Uncommon commons: In more than 30 years in sportscards publishing I have thrown hundreds of notes into files about the players – usually non-star players – who made up the majority of the baseball and football cards I collected as a kid. Today, I keep adding to those files as I peruse microfilms of The Sporting News from the 1880s through the 1960s. I found these tidbits brought some life to the player pictures on those cards. I figure that if I enjoyed them, you might too.
Today, let’s look at a rookie’s debut day that started off badly but turned around.
On July 11, 1962, the last-place Washington Senators traded Dale Long to the Yankees for outfielder Don Lock, then on the roster of Richmond in the International League. Lock had spent four and a half seasons in the Yankees' organization without ever making it to the big club.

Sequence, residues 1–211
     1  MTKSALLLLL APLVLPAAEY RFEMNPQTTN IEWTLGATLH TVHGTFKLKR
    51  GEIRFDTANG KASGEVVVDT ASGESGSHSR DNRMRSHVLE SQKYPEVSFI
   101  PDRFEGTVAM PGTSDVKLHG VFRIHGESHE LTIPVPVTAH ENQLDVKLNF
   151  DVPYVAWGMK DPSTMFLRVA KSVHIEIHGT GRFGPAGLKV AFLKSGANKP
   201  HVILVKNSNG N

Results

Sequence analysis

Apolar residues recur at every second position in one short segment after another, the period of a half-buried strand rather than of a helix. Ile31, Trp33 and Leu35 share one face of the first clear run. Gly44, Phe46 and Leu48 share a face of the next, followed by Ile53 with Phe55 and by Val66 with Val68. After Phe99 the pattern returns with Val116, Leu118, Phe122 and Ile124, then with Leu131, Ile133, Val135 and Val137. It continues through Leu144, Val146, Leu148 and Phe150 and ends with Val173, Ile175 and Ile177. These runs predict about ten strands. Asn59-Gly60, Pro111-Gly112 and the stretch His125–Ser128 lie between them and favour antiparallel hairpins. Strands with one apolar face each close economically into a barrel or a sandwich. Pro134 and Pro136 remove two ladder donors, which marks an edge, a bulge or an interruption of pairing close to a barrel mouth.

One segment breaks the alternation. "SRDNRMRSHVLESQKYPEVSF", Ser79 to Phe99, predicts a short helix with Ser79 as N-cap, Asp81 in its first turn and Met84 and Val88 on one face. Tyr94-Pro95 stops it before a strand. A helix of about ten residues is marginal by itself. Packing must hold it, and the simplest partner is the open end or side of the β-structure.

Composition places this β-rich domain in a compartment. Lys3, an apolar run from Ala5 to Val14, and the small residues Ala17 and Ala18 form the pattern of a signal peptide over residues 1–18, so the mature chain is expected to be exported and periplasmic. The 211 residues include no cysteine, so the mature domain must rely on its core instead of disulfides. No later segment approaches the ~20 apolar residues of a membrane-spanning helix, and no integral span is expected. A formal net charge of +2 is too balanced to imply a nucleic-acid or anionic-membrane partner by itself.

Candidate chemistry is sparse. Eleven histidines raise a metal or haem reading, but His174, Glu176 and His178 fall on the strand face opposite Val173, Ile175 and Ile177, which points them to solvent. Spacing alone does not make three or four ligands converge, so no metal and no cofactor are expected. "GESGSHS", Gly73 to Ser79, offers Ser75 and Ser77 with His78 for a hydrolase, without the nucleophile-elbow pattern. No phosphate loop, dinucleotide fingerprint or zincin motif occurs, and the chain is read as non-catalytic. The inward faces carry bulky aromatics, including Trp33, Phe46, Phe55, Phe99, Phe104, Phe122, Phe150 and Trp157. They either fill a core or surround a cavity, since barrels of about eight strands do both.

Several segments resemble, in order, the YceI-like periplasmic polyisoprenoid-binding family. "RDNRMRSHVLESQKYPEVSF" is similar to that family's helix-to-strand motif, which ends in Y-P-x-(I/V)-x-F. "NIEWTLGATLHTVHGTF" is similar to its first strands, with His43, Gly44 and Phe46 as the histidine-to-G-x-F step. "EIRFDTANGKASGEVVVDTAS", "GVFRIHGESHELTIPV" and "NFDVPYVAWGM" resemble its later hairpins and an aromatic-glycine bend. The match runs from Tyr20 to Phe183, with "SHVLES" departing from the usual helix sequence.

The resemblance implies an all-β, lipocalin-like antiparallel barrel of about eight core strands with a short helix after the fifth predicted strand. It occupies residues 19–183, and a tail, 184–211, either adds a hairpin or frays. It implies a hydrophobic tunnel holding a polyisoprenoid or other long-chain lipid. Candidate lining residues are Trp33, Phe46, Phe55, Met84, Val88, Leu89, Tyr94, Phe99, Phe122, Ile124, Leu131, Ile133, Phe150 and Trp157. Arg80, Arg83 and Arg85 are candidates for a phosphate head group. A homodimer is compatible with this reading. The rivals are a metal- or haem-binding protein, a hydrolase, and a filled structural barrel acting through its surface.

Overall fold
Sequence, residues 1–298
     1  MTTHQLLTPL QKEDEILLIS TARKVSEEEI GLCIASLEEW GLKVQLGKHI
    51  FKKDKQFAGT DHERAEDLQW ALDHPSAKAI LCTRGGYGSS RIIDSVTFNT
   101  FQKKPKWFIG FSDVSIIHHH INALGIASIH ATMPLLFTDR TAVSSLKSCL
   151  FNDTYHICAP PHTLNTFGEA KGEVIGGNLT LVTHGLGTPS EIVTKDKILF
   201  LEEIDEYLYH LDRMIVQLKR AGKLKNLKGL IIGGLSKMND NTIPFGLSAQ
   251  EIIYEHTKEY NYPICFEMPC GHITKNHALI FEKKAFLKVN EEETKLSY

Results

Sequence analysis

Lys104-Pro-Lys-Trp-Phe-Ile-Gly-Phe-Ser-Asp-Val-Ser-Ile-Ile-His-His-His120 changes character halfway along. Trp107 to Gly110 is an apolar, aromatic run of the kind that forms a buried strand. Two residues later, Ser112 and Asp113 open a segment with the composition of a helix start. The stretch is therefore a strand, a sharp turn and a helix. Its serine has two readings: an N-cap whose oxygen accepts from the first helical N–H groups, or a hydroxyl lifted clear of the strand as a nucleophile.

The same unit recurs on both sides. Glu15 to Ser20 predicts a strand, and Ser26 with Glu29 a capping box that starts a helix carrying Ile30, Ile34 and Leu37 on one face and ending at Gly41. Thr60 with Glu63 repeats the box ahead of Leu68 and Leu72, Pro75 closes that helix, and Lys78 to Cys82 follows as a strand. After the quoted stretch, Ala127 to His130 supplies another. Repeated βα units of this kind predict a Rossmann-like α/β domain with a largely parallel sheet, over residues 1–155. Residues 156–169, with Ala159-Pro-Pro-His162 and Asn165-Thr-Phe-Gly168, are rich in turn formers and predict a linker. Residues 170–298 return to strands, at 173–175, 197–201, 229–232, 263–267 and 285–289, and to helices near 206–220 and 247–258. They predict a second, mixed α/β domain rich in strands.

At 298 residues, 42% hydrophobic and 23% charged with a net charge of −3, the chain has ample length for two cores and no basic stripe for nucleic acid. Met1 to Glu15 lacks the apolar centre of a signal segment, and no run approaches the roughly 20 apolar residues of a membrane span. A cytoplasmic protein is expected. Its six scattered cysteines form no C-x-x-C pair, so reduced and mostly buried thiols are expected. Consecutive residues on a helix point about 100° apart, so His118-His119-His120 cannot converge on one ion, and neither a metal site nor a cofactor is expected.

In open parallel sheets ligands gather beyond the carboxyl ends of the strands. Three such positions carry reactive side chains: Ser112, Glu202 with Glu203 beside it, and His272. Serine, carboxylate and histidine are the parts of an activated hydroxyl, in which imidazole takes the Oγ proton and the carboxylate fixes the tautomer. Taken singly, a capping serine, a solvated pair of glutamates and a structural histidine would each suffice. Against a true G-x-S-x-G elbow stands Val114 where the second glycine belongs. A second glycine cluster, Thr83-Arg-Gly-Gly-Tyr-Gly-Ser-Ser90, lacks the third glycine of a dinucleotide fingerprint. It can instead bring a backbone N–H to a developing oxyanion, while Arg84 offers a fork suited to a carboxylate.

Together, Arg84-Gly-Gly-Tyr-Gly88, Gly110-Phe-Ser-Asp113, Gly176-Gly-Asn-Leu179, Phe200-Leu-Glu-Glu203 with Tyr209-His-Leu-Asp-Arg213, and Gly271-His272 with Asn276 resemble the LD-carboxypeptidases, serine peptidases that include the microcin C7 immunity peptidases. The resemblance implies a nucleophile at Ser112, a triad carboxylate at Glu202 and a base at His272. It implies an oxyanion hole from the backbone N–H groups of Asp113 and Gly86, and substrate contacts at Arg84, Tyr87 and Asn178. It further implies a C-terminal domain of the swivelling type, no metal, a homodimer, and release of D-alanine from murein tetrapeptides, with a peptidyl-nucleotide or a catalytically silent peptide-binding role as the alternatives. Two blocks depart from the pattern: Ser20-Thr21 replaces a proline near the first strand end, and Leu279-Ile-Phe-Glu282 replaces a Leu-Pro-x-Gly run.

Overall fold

He made his major league debut in the first game of a July 17 twi-night double-header against the White Sox in Chicago.
Through the first six innings, Lock’s debut was highly forgettable. He struck out in his first two at-bats against Juan Pizarro in the second and fourth innings.
In the bottom of the sixth he called for a pop fly to short left field but the ball dropped in front of him for a fluke double by Joe Cunningham.
Lock then redeemed himself in the top of the seventh inning when his first hit in the major leagues was a home run that gave the Senators and Dave Stenhouse a 1-0 victory over Pizarro and the White Sox.
Lock went on to an eight-year major league career with the Senators (1962-66), Phillies (1967-69) and Red Sox (1969). He appeared in Topps baseball card issues every year from 1963 through 1969.